posted by Adios Amigos
Monday, May 21, 2007
So my question is, "is it ethical to ask for a new cone"? Am I babying my kids too much that they won't even be able to hold down a job one day? Should she have to sit there while we all finish our icecream and reflect how things could so easily have gone differently had she been more careful?
Friday, May 18, 2007
If you're ever feeling low, see if these words are helpful:
I am what I am right now. Those around me are what they are right now. Discontent with what I am, or with others, does not change what is causing my discontent -- it only creates discord in me. Even feeling bad can be embraced -- it's just a feeling. Peace within me comes from creating resonance within me in response to everything that life presents to me. This includes my own thoughts. When all else fails, laughing at my flaws and weaknesses can lift the burden of the perceived importance of self.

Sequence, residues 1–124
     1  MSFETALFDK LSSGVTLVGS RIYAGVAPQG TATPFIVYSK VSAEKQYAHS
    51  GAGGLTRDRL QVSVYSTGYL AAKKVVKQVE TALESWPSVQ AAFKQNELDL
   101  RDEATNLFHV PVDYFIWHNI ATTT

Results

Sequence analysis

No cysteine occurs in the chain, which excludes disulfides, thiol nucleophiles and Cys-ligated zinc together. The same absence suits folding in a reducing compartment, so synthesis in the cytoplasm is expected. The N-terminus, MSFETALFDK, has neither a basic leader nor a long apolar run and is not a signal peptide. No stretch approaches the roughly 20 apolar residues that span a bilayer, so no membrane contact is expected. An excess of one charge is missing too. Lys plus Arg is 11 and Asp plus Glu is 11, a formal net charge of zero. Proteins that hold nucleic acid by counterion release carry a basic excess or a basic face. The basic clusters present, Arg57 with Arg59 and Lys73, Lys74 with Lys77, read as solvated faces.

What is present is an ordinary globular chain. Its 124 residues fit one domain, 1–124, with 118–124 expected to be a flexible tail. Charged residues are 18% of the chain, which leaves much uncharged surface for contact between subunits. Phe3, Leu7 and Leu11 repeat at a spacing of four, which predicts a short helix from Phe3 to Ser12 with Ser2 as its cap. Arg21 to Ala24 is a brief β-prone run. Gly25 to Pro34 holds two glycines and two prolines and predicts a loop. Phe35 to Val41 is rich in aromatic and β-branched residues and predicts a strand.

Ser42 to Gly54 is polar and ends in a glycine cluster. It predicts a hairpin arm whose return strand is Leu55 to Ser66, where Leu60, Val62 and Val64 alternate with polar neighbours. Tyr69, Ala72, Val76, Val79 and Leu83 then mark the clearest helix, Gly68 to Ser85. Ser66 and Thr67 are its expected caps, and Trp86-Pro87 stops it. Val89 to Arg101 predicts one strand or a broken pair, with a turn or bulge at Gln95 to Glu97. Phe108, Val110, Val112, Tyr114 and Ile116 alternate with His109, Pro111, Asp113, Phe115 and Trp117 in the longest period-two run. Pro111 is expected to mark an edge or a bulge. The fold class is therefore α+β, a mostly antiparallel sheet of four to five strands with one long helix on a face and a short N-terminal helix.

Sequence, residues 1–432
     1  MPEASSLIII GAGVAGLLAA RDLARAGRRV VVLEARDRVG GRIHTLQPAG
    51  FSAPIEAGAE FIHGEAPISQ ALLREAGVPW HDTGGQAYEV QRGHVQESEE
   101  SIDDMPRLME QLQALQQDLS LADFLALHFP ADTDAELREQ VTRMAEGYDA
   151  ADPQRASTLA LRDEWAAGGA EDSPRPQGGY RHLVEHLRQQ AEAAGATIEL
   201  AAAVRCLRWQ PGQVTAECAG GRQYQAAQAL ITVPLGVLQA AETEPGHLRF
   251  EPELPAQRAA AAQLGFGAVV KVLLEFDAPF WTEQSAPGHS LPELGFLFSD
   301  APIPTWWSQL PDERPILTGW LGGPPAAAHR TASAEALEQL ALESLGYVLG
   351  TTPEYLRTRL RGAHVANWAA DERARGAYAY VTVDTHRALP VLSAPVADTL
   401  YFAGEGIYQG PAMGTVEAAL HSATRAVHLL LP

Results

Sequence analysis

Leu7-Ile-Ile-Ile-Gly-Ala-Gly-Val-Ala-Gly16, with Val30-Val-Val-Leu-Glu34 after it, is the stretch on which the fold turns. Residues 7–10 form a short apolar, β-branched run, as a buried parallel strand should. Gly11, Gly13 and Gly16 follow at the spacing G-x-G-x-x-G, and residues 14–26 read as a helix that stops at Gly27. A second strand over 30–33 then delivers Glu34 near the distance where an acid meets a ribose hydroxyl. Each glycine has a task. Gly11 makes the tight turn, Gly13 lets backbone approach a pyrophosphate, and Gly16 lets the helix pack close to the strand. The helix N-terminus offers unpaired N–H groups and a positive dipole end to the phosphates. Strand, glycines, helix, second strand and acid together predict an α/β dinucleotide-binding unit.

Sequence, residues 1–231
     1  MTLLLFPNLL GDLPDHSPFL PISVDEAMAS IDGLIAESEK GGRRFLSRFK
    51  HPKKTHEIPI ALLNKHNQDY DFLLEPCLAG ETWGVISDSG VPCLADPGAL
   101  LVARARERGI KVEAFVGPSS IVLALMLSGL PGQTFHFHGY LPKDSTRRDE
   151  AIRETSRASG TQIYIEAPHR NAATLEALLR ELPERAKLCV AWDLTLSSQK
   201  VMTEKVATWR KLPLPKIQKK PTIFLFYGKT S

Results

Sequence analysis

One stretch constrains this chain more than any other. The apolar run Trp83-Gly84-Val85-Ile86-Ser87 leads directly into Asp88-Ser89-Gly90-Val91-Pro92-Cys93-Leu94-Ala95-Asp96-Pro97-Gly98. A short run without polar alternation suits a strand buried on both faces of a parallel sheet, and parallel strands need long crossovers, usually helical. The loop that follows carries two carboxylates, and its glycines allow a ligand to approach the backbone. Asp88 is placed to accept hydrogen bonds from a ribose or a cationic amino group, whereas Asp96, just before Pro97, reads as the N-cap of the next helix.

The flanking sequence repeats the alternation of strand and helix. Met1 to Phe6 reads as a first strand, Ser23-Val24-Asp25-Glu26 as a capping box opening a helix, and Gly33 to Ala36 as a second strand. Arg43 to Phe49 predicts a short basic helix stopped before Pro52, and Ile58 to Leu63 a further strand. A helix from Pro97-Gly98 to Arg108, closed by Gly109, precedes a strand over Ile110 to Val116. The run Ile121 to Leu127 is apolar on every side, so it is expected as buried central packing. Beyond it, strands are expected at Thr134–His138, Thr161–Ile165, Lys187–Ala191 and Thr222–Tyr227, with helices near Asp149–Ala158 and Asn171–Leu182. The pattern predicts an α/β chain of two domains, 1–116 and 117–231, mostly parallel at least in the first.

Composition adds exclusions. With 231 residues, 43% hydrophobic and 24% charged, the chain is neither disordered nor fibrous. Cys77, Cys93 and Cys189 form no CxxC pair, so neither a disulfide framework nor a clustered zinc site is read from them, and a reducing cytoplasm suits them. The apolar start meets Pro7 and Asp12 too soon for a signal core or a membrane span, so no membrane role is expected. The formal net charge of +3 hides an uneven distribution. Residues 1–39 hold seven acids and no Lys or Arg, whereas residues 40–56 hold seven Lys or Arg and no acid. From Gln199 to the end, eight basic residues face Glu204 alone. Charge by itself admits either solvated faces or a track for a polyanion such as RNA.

Wednesday, May 16, 2007
I must say that tonight I am thinking, "thank goodness for the Internet." I both found some great support just by Googling "getting through divorce" and I'm able to air my thoughts, too. Today, a friend and I were wondering if someone had documented classic post-marital-breakup emotional stages, and sure enough, the first article that I pulled up did a great job of doing just that. A couple of excerpts: